For many years, we have incorporated a children’s drama into our Passover Seder.  During the Magid (telling of the Passover story) we send the children out of the room to prepare a drama relating to the story of the Exodus from Egypt.  They return a little while later, perform it before the adults, and then we all sit down to discuss it.  It has always worked well.  It helps the kids learn while giving them an opportunity to move around, and, of course, it gives the adults a few minutes to catch our breath.

This year, though, whether out of boredom or mere mischievousness, I decided to change the parameters of the play.  They would still create the drama, but this time they were to do it from the perspective of the Egyptians.  They bubbled with excitement and disappeared for five minutes to prepare.

They returned with a drama featuring “Joe Schmo” Egyptian as the protagonist.  In scene one, Joe, a farmer-villager, visits a great Egyptian city.  It is so big and beautiful.  How was it built, Joe wonders.  He looks around but sees no workers.  The thought, though, quickly vanishes as he does his business and then returns home.  In scene two, Joe is farming when his cow suddenly drops dead of disease.  Struck by the plagues, Joe cannot figure out what he had done wrong.  The curtain drops.

As the play ended, I thought immediately of my iPad.

Over the past several months it has been hard to escape the stream of news stories about the conditions of the workers in China who assemble Apple products.  The basic lines of this story are far from new.  While the precise details of (especially foreign and migrant) worker conditions are often debated, it is clear that there are many, many people who work in sub-optimal circumstances to create our commodities at affordable prices.  This vast, ugly underbelly of the production of everything from coffee to cars is one upon which my lifestyle depends.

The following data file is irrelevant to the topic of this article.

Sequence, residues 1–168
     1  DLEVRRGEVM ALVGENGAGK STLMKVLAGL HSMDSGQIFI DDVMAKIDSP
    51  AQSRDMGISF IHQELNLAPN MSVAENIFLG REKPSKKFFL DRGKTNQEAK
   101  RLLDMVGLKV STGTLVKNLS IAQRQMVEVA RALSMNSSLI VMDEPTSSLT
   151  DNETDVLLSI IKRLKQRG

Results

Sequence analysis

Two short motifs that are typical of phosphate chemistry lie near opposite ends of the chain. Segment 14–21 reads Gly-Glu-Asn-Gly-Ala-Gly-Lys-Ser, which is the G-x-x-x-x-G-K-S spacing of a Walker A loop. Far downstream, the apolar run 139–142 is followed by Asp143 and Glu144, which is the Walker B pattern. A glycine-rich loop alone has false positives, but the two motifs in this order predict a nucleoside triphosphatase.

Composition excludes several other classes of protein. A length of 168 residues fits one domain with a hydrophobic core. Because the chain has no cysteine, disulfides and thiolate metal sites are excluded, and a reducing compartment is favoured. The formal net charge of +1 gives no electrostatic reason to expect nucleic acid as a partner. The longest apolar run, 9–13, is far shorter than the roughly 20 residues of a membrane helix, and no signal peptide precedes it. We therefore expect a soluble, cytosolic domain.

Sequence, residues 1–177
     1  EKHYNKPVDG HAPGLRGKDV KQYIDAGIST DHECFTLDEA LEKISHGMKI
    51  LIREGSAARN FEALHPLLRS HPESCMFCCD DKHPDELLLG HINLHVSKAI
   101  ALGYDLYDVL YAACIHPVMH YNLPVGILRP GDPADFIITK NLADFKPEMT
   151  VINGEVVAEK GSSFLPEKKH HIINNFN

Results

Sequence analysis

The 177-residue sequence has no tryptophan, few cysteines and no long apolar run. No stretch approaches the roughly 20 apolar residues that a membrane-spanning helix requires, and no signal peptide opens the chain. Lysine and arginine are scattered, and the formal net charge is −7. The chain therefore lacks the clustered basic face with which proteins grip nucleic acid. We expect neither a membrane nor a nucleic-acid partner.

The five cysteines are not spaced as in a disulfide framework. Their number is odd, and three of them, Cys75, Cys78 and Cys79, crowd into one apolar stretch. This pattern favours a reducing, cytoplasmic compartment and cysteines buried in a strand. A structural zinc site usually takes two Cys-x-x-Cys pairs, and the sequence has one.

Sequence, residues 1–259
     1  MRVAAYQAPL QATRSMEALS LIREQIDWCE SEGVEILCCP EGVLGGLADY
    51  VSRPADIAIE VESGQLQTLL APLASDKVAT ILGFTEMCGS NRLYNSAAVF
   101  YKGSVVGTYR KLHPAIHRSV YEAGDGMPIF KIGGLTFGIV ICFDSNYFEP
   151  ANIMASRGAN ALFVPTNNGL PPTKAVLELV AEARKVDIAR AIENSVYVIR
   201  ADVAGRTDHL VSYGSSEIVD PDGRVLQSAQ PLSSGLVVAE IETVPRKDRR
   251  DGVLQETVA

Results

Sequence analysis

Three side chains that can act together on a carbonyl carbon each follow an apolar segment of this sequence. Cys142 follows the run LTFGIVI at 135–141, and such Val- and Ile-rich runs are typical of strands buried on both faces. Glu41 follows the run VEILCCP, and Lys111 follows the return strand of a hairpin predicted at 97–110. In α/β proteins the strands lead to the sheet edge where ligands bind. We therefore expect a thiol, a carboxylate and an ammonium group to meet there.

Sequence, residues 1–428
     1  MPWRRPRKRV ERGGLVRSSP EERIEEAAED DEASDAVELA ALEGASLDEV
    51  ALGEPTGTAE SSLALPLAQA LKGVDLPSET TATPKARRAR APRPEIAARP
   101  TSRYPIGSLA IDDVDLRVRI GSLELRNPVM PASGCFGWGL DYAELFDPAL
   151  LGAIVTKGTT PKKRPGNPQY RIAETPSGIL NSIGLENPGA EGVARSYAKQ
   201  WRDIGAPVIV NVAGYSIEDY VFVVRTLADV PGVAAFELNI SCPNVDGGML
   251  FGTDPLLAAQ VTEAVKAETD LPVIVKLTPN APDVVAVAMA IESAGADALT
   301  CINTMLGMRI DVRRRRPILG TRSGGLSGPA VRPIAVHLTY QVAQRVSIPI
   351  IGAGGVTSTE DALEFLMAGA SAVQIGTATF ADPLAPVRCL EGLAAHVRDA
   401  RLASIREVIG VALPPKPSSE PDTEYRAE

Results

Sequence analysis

The ensuing conversation at our Seder was entirely predictable.  We justify it by pointing out that these jobs do provide support and opportunities for families who otherwise would live in even worse conditions.  We excuse the system by plaintively (and correctly) noting that without these affordable items our already strained budgets would break.  We throw up our hands: What, in any case, could we as individuals do to change this massive global economic machine?  The adults flailed for an answer.  The children smiled.

As we moved to recounting the ten plagues, I began to feel my own perspective shift.  As I removed the drops of wine from my cup, I thought of “Joe,” the small, hapless Egyptian whose only sin was not asking too hard about the source of a city’s wealth.  I thought of the taskmaster who Moses killed, whose sin may only have been trying to do his job.  I thought of my family, my people, my community, and me.

The basic narrative of Passover, like those of Purim and Hanukkah, encourages us to think in black and white.   They are evil, we are good.  They attempt to oppress us, but we triumph.  There is never any doubt about how the story should end.

Yet most of us know that life is not so simple.  Evil and good rarely come unalloyed.  Our lives, like those of our ancestors, involve a continuous stream of uncomfortable choices.  We fantasize about a world in which the choices are clear, in which buying shoes isn’t fraught with the fear of being complicit in child abuse.  Perhaps when Elijah comes.

We are all Israelites, and we are all Egyptians.  We are oppressed and we oppress.  This is the uncomfortable message of Passover, one so clear that even – or maybe only – a child could see it.